The meeting is an opportunity to ask questions and request feedback.   Establishing the relationship early with your reviewer and project manager will pay dividends in the future. 

Figure: Opportunities for FDA: Interactions with The Office of Therapeutic Products Website.13 


Organizing the IND for the FDA and Submission 


Organizing the IND 

FDA accepts INDs in eCTD format. The eCTD format is a globally accepted five (5) module format maintained by the ICH (International Council for Harmonisation of Technical Requirements for Pharmaceuticals for Human Use). ICH eCTD is inclusive of Quality, Safety and Efficacy, Administrative/Regional and Clinical documents, and data. Refer to the contents and modules in the sections above for more information.  

Module 3 includes Quality, Chemistry, Manufacturing and Controls. Module 4 contains non-clinical reports and data. Clinical documents are filed in Module 5. Summaries are included in Module 2 and Administrative documents in Module 1.  

ICH and the FDA provide granular organization down to the document level. For each component of the IND required, there is a corresponding section and document associated. For example, for Pre-clinical Single Dose Toxicology Reports, the section and document number are Single dose toxicity report to be “filed” in the 4.2.3 folder.  

IND Submission 

As you consider preparing for the IND submission, aligning resources specific to tasks and timelines will help prioritize and mitigate risk. Resources include the people, systems, and outside vendors to support the business processes.  

High level tasks associated with the IND submission include: 

  • Author, review and approve the content for the ICH 5 modules and sections of the IND. This is typically done inside a RIM system.  
  • Prepare the PDF content for electronic submissions 
  • Publish into the eCTD format. Note that eCTD is currently in transition to Version 4.0. Learn more about 4.0 here.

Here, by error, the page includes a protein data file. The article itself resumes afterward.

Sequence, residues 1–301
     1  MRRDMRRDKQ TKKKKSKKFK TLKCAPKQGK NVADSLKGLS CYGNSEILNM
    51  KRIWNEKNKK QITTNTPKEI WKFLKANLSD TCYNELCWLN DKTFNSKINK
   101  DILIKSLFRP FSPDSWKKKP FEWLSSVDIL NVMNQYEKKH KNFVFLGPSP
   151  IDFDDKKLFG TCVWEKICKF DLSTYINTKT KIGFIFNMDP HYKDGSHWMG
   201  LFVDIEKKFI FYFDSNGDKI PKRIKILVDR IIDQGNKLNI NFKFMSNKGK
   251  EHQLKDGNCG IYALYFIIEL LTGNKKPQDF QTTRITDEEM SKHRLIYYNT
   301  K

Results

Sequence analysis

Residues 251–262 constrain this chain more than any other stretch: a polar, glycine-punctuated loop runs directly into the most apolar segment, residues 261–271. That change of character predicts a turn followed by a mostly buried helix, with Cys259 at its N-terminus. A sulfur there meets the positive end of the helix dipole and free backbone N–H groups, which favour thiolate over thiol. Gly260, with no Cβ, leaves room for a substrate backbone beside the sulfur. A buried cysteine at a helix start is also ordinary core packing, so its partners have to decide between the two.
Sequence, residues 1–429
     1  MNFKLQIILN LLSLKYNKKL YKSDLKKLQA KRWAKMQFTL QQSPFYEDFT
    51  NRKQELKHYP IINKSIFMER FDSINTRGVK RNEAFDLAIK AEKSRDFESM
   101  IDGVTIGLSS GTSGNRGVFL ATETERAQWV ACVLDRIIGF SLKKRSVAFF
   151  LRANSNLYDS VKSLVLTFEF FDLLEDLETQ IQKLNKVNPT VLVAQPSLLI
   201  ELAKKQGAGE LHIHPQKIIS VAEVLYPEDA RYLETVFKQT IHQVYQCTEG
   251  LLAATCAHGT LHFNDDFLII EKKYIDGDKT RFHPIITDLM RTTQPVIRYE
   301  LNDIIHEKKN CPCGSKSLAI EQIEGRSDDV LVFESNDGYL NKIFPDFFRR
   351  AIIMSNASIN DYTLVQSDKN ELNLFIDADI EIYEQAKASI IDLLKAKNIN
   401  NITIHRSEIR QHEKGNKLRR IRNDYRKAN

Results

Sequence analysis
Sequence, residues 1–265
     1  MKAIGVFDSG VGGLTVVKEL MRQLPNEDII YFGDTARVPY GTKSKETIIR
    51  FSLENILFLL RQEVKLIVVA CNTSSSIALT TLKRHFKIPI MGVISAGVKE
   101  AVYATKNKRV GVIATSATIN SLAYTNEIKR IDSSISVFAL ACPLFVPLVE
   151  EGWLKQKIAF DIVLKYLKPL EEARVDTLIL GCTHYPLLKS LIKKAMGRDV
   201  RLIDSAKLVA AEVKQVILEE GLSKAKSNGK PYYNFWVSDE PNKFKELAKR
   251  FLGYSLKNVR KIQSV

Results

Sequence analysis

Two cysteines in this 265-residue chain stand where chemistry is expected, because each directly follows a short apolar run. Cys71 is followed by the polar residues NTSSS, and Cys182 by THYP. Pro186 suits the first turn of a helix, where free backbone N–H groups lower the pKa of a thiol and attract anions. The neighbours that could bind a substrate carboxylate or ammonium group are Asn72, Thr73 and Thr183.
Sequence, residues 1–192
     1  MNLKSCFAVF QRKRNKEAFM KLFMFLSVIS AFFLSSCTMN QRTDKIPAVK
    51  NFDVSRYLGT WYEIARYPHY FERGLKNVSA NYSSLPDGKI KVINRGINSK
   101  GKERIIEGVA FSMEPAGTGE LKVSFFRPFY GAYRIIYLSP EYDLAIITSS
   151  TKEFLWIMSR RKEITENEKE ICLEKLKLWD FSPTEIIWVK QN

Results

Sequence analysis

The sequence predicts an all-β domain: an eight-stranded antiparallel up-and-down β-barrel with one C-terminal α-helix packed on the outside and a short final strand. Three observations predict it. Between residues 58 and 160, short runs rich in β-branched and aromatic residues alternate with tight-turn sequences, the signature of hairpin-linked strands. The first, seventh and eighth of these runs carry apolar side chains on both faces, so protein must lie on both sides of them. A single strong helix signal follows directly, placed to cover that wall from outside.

• Dispatch to the FDA 
  • Archive the submission at the sponsor   

FDA and ICH both provide guidance on how the documents and content should be organized for the reviewers. Document templates are available with pre-built sections, tables, and headings to make your life even easier -  some templates are publicly available via academic institutions, but most have to be purchased. If you are considering purchasing a template package, be sure to ask how recently it was updated, what macros (if any) they require, and understand how to use the formatting. 

Content created for each section of the IND goes through several rigorous processes to ensure completeness and compliance. The first process is authoring creation, review, and approval. Typically, data from animal studies, for example, are compiled in large datasets and analyzed. Content is written from the data and captured in tables, graphs, and listings. Each of these data points must be correlated and checked to ensure accuracy. Once the content is approved by the internal team at the sponsor site, the second process of preparing the documents for regulatory publishing commences.  Word documents are converted to PDF, internal hyperlinks and TOCs are built. Regulatory publishing software is required to create the eCTD submission package inclusive of cross document hyperlinks and the XML backbone. The submission package is uploaded to FDA via the ESG gateway.12   The gateway provides a couple of acknowledgements verifying receipt of the submission. Submissions are filed and kept at sponsor sites. If the FDA has any questions, the sponsor needs to quickly refer to the submission and respond.    

Below is a flow chart of an example process.

Publishing process-1


Resources include people, systems, and outside vendors to support the tasks above and the business processes to efficiently meet the submission goals. Examples of resources include:  

  • CRO vendors for dataset creation and analysis, draft reporting, and writing. 
  • Collaboration and EDMS solutions for authoring, reviewing and approving content. 
  • Regulatory Operations publishing for eCTD submission creation, validation and ensuring PDF compliance. 

Planning a complete team of people and resources smooths the IND submission tasks and process. Having put the pieces together ahead of time, subject matter experts can focus on the science and messaging in the IND to ensure a successful start of clinical trials. 


A word about timelines...